Subscription 790/year or 190/quarter

Unintentional effects of violence

Shadows / A Murder in Mansfield
Regissør: Noa Aharoni/Barbara Kopple

The shadow of violence can extend far and wide, and these two films show the indirect damage that continues long after the direct violence has ceased.


"Welcome to the Heart of Darkness." With these words, Yigal Schwartz introduces us to what remains of his former childhood home, now an overgrown ruin he refers to as a sadomasochistic prison. It's the place where his, let's say "dysfunctional," family lived. In the stable, his father used to beat up his sister. Shadows is a film about second-generation Holocaust survivors, an identity that is obviously so strong that the film mentions it after introducing each of the three protagonists with their (former) occupation and family status.

Shadows shows three second-generation survivors who not only carry the scars following their parents' trauma, but who in turn are sources of scars for their own children. Yigal Schwartz's mother participated in the death marches, and was abused and raped. She was the only member of the family to participate in these marches, and Schwartz strives to understand how it was possible. During a family gathering it becomes clear that the topic is taboo. The story is too painful to be told, and we don't really get a satisfactory answer.

Eitan Michaeli, a retired security officer, has problems with every authority and with his mother Hava. She gets oxygen all the time and is very weak. He visits her dutifully, but is unable to express even the slightest kind of devotion. While his mother tries to open up and talk about their mutual feelings before she leaves this world, Michaeli feels it is too late for it and sincerely looks forward to the relief it will be when she dies.

Miri Arazi, a handwriting examiner associated with the judiciary and unwanted daughter, tells how her parents always kept a close eye on what she said and did, and made sure she realized what a disappointing and worthless chore she was. When she sees the apartment they lived in and the building her father threw out of, she tells of the father's abuse. She also listens to her father's recording of his own war experiences – what he couldn't share with humans he could obviously share with a machine.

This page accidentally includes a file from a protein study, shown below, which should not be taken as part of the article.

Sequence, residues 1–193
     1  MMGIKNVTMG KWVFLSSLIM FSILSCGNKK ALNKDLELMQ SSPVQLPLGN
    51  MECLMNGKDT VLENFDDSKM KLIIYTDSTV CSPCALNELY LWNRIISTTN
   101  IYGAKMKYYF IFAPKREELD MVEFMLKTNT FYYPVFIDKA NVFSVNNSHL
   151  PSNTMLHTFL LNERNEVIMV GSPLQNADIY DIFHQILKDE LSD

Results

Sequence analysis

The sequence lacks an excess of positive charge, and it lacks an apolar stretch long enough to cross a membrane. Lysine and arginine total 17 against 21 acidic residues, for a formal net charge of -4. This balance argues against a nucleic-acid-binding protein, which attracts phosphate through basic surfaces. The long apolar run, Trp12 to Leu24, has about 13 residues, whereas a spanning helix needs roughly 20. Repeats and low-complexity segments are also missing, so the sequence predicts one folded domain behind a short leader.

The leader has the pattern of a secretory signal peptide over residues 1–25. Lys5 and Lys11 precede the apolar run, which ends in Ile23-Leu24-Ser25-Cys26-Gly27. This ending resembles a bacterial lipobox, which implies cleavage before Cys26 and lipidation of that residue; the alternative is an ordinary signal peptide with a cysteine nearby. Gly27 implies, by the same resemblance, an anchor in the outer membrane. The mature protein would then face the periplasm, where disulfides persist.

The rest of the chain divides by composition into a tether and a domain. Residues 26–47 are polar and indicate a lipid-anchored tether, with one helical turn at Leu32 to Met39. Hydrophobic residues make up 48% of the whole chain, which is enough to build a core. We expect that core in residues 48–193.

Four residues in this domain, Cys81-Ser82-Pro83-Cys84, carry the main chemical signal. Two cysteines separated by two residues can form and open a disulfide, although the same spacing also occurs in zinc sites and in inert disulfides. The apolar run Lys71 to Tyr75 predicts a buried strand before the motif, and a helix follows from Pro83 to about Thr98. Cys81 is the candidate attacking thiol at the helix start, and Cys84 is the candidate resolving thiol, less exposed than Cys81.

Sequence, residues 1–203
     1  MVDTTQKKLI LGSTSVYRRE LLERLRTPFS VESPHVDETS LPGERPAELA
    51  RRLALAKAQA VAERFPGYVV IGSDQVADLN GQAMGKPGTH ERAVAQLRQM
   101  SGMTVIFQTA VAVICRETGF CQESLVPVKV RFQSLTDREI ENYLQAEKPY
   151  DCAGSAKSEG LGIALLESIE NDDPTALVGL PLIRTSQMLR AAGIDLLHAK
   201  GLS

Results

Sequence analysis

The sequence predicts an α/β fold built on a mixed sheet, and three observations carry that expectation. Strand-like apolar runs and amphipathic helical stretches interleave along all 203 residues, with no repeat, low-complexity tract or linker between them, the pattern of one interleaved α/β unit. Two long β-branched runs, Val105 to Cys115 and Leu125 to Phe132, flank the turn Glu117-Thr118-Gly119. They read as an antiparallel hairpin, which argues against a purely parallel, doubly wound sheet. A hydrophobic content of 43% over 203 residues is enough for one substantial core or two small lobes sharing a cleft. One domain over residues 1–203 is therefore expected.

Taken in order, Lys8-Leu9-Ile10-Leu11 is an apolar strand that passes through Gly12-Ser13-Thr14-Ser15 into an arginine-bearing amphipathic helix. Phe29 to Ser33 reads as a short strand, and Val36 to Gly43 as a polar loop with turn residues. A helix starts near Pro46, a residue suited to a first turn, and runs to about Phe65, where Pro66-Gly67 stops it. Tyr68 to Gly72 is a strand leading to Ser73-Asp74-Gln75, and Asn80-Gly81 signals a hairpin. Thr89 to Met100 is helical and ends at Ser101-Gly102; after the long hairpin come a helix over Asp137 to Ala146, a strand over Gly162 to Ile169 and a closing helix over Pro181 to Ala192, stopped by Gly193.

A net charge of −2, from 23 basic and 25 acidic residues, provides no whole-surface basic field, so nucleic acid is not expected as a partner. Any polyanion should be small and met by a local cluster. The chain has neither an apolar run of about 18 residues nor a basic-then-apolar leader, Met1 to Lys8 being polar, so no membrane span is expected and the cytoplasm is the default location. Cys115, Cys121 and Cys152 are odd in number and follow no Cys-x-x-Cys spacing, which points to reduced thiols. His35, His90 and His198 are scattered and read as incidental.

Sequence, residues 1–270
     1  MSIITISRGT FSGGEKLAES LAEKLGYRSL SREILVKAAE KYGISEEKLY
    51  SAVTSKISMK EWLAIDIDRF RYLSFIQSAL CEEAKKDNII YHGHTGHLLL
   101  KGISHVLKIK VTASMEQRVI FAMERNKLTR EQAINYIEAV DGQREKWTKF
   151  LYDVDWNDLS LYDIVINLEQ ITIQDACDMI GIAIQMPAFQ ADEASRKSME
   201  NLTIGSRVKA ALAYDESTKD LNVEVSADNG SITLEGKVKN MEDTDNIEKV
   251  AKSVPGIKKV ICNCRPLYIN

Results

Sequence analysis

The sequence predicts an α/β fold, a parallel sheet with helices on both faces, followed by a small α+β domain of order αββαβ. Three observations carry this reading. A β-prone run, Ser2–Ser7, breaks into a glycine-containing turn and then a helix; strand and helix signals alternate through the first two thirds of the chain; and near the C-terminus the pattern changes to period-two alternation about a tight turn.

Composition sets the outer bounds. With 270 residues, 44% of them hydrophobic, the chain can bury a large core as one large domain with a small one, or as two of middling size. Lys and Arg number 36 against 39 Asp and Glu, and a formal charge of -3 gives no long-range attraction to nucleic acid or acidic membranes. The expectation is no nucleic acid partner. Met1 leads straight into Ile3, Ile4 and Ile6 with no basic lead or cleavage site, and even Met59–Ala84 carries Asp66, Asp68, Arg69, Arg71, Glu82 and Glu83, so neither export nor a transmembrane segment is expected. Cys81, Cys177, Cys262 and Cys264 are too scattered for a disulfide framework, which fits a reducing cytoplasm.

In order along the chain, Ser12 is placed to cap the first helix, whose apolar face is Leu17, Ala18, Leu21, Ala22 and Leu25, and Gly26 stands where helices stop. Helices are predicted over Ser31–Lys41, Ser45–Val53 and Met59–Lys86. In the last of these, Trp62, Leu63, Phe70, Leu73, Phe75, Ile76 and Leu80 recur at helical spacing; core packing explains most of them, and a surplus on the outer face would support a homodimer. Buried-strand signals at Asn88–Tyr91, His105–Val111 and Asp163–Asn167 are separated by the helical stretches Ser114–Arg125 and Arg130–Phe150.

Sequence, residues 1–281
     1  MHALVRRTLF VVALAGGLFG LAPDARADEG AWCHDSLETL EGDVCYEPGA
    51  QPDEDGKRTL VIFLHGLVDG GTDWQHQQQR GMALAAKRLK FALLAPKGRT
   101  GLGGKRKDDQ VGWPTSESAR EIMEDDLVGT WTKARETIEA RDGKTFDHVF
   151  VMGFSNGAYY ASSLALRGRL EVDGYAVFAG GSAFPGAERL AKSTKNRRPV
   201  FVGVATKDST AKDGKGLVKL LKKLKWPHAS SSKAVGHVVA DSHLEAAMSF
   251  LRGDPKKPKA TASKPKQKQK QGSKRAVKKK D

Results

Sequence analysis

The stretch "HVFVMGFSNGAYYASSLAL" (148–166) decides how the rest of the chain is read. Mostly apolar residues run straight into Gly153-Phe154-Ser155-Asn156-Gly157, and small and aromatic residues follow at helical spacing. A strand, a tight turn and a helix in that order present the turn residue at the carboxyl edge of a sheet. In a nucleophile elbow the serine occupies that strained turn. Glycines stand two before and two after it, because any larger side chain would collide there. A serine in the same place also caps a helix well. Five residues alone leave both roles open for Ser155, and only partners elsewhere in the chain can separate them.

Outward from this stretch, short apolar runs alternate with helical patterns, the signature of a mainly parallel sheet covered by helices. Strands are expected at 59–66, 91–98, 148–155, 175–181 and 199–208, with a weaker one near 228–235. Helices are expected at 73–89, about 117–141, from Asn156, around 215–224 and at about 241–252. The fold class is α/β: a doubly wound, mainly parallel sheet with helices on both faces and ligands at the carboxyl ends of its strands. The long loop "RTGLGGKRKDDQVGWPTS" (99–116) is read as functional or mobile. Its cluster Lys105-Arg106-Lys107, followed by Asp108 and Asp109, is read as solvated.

It is obvious that the accidental effects of violence extend past the children and to the grandchildren.

A third generation is suffering. It's not so much these stories do Shadows worth watching, because there have been other documentaries about second-generation survivors, such as The Price of Survival (Louis van Gasteren, 2003). Rather, it is the expansion from the second generation to the third that makes this film particularly strong. Schwartz tries to protect his young daughter Zohar from the atrocities of family history, thus prolonging the silence. In a brief telephone conversation in the film, Michaeli commands his son Roy to look after his grandmother while he and his wife are traveling, even though the worst can happen. He can not stand to be contradicted. Arazi's son Avi is quite explicit when he recounts his memories: "You used to walk around the house like a stern sergeant and scream…" It is obvious that the unintended harmful effects of violence reach beyond the children and to the grandchildren.

Shadows rests heavily on the stories told by the participants, and the visual language supports the narrative of these events. But there is something that needs to be said in favor of the amount of talking heads in the film: Stories that these need meet face to face to be told and listened to. Family photos are also included, and show seemingly happy parents and children, in sharp contrast to the stories. The music is more problematic, as it emphasizes the victim role of the three protagonists. Thus, the film reinforces the victim aspect rather than giving these people strength.

Blinding proximity. Another type of accidental injury forms the basis of Barbara Copper's new film A Murder in Mansfield. Kopple describes Collier Landry's efforts to find an end to his family history: His father allegedly killed his mother, and as a 12-year-old, Landry testified against his father in court. Now, at the age of 38, he seeks reconciliation with the family, both sides of which have broken up with him – one because he reminds too much of his father, the other because they believe he betrayed his father. Landry is marked by having lost his mother, family and community, and hopes that his father will eventually admit his guilt. But he does not. As unlikely as it may seem, the father continues to deny that he killed his mother, and repeats that it was an accident. Landry only wants his version of the truth confirmed, and is not open to other possibilities. Eventually he realizes that he must reconcile that he has lost his father as well as his mother. More problematic is that the filmmaker blindly follows Landry's version of the story and never questions his memory or his testimony as a young boy. Landry is a film photographer by profession. It seems that the closeness of the person has got in the way of an investigative approach to the drug.

Both films show us how violence affects those directly affected by it, but also secondary victims such as the third generation and the witness.  

Both films show us how violence affects not only those directly affected by it, but also secondary victims, such as the third generation and the witness. Through guidance, Landry has learned that forgiving means letting go of something, accepting that whatever happened is no longer your problem. Unfortunately, in most cases this is easier said than done.

Willemien W. Sanders
Willemien W. Sanders
Sanders is a critic, living in Rotterdam.

You may also like